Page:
by Joan Herrmann

Whereiwander…In late March or early April, when the breezes are warmer and winter snow begins to melt, that is when I see her again. The female raccoon that comes to our “bird feeders” to get a quick meal before meandering back to her den to sleep a little longer. By the end of April I begin to remove the feeders nightly. I don’t mind sharing the food, which we purchase to feed the birds, but it is because it becomes too easy for the raccoon to find a meal and it is costly. That female can almost drain the entire feeder of black-oiled sunflowers extremely fast, and black bears are enticed too by any type of “fast food” after a long hibernation, plus they destroy the feeders in their haste to eat.
Northern Raccoon or Procyon lotor, pronounced (pro. cee. on – lo. tor), its scientific name is Latinized/Greek for “dog-like washer.” The common name, raccoon came from the English translation of a Powhatan word at the time of the Virginia Colony. The “washer” came from the thought that raccoons wash all their food before eating it. Which is generally not the case; they may dip their food in water if it is available, but will then proceed to eat whether it is actually clean or not. When not on our balcony, this raccoon spends most of its day resting in a tree or in tree cavity or a hollow log. Raccoons can also be found everywhere from Adirondack forests to city parks, but favor areas near water and trees, they also like wooded swamps. Urban raccoons may live under a porch, in a house chimney or in a culvert.
They are basically nocturnal but you may see one in the daytime or before dusk depending on the weather and a need for food. In the Order of Carnivora (carnivores) they are true omnivores. A look at a raccoon’s skull, which is rectangular in shape, will show four types of teeth incisors, canines, premolars and molars. These types of teeth help it survive without the strict regimens of a carnivore (meat eating) or herbivore (plant eating). Its diet is quite diverse, eating in spring and summer crayfish (crabs), worms, slugs, insects, nestlings, frogs, snails, turtles and turtle’s eggs, chicken and their eggs, in addition to berries, and garden vegetables. A raccoon has been seen as an opportunist, when watched by a nature photographer, as one sat behind a snapping turtle that was laying its eggs. As the turtle dropped each egg into the hole she had dug the raccoon reached into the hole, grabbed it and ate it.
In the fall the acorns, beech nuts and corn that they consume contains proteins, carbohydrates and fat as well as calcium, potassium, niacin and phosphorus all required to help it survive its dormancy in winter. Raccoons are not true hibernators. They do live off of stored body fat in winter, but their heart rate, breathing and metabolism doesn’t decrease. They may travel an area of ten acres to as much as several square miles in order to enough find food. Urban raccoons are notorious in getting into garbage and even unlatching lids and locks. In the Adirondacks, especially if camping it is wise to securely protect your food, keeping in mind that there both raccoons and bears that prefer the easier methods of obtaining food. Raccoons will compete with skunks for the same food. Many times when I have been a little late in removing the feeders for the night, I can tell that the skunk did more than just a warning and the raccoon is reeking.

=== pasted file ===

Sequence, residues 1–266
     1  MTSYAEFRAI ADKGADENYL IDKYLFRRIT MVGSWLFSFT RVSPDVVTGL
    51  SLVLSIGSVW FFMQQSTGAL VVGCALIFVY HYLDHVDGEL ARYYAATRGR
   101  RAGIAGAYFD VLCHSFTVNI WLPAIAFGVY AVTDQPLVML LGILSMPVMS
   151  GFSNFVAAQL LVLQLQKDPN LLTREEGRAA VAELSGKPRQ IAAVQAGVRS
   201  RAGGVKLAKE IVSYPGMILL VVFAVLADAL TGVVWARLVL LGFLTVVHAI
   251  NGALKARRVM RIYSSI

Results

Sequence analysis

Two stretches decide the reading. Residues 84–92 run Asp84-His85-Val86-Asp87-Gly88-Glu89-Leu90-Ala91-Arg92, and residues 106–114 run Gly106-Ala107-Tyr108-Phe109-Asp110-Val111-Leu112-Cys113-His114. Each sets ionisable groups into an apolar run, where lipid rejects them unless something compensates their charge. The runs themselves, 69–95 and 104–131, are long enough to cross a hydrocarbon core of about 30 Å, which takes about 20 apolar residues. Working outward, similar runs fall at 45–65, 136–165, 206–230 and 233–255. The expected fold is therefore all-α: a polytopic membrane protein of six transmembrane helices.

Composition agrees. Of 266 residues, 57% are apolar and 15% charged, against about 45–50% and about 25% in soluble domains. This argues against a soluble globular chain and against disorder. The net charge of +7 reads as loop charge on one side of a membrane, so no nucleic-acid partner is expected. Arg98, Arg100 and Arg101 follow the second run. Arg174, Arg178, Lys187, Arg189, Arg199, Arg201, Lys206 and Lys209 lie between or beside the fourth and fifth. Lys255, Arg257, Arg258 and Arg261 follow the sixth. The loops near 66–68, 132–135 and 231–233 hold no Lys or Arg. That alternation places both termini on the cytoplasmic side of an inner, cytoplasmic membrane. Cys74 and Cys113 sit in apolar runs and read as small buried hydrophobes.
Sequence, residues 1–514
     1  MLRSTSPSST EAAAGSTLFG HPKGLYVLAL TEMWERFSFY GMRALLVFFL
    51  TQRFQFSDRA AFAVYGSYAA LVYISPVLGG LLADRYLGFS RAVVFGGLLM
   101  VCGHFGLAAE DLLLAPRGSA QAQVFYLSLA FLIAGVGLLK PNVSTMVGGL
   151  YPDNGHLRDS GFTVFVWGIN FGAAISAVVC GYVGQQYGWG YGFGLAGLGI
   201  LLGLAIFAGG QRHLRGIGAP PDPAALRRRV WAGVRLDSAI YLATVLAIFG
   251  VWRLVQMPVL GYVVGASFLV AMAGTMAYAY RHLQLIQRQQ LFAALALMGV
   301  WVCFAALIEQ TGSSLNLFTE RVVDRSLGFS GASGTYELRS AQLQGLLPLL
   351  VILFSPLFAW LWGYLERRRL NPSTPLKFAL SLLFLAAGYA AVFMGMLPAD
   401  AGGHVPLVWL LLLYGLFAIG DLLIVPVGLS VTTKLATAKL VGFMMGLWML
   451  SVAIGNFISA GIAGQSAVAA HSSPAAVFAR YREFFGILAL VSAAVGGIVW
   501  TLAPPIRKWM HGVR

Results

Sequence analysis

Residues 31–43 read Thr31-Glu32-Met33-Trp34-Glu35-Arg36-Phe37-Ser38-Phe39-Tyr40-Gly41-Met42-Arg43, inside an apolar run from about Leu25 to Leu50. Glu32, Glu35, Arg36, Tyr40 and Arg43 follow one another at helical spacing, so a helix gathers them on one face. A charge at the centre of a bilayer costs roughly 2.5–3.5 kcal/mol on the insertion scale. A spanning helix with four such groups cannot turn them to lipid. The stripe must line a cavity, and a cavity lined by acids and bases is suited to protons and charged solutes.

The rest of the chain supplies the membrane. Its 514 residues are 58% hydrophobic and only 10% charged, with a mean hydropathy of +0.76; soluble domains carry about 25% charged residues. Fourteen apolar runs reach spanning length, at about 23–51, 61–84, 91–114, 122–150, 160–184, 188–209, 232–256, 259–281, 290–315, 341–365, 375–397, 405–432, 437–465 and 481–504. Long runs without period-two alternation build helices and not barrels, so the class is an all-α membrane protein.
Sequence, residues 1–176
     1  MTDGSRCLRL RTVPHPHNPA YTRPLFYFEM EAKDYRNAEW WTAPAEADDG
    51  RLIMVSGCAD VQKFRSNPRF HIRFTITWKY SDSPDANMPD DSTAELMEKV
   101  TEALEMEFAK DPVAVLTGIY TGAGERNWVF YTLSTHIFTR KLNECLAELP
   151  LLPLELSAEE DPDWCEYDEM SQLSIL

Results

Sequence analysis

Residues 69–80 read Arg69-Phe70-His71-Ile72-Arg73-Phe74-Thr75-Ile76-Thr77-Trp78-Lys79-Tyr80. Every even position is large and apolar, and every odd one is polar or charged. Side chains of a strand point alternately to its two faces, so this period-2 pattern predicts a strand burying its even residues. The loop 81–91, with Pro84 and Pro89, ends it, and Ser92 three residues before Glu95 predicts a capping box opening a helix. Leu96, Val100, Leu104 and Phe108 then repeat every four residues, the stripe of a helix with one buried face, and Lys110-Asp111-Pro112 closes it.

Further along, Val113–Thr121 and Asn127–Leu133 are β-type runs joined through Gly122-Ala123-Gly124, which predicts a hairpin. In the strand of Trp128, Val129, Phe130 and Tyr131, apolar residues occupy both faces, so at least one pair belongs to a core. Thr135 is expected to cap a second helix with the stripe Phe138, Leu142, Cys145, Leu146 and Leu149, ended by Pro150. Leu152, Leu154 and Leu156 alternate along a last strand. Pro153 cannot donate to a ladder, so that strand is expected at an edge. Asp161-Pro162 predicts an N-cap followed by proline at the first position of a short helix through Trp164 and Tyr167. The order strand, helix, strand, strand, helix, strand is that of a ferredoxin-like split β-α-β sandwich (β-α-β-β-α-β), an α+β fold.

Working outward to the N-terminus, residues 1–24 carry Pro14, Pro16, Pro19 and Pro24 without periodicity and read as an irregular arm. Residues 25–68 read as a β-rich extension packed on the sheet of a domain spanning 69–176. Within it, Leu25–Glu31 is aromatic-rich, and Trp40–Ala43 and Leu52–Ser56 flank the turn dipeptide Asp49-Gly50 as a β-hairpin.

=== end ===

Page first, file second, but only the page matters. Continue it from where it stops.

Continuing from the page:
The females are ready to mate in January and February in our area. Females may den up alone or with their offspring of the past litter. Males den up alone, and will travel as much as ten miles looking for females and will probably mate with more than one female during this time. Males do not play a part in rearing or feeding the young.
The female’s gestation time is about 63 days and she will give birth to three or four babies, the babies are called cubs or kits. And a group of raccoons is referred to as a nursery or gaze. The kits are born with a light layer of fur that will grow quickly and they will begin to resemble the adult in about two weeks, with the bandit masked face and bushy banded tail with dark brown and tan stripes. Although they are only four inches long and weigh about two ounces when born by the end of summer they will weigh close to the 15 to 25 pounds of an adult and will be about 25 to 35 inches long, excluding the tail. The eyes that are closed at birth will begin to open at three to four weeks. Their mother will stay with them for the first few day and then start foraging for her food again. At five weeks she will leave them for the entire night while foraging. They become curious at this age and begin looking out of the hole where they are denned up in a tall tree. They make purring, growling and whistling sounds and occasionally a really curious one may even fall from the hole in the tree. Generally they are not hurt and the returning mother will carry them back to the tree cavity den. She carries the kits the same way a domestic cat carries its kittens, by the nape of the neck with its teeth. After 10 weeks the kits are weaned and start eating solid foods. At three months they are finding and eating their own food, foraging with the mother. They stay together throughout the summer and fall and most likely will den up together the first winter.
Raccoons will often establish a communal bathroom where several may deposit their scat. One might be found at the trunk of a tree or on a well traveled path. Their scat usually contains seeds, insects and crustacean parts. It is very important NOT to handle it or smell it, as it may contain a parasite, which is dangerous to humans. The parasite is Baylisascaris procyonis, a roundworm and its egg are passed in feces of infected raccoons.
Fun to observe and photograph, but they are a wild animal and should be treated as such. Hope to see you on the trails…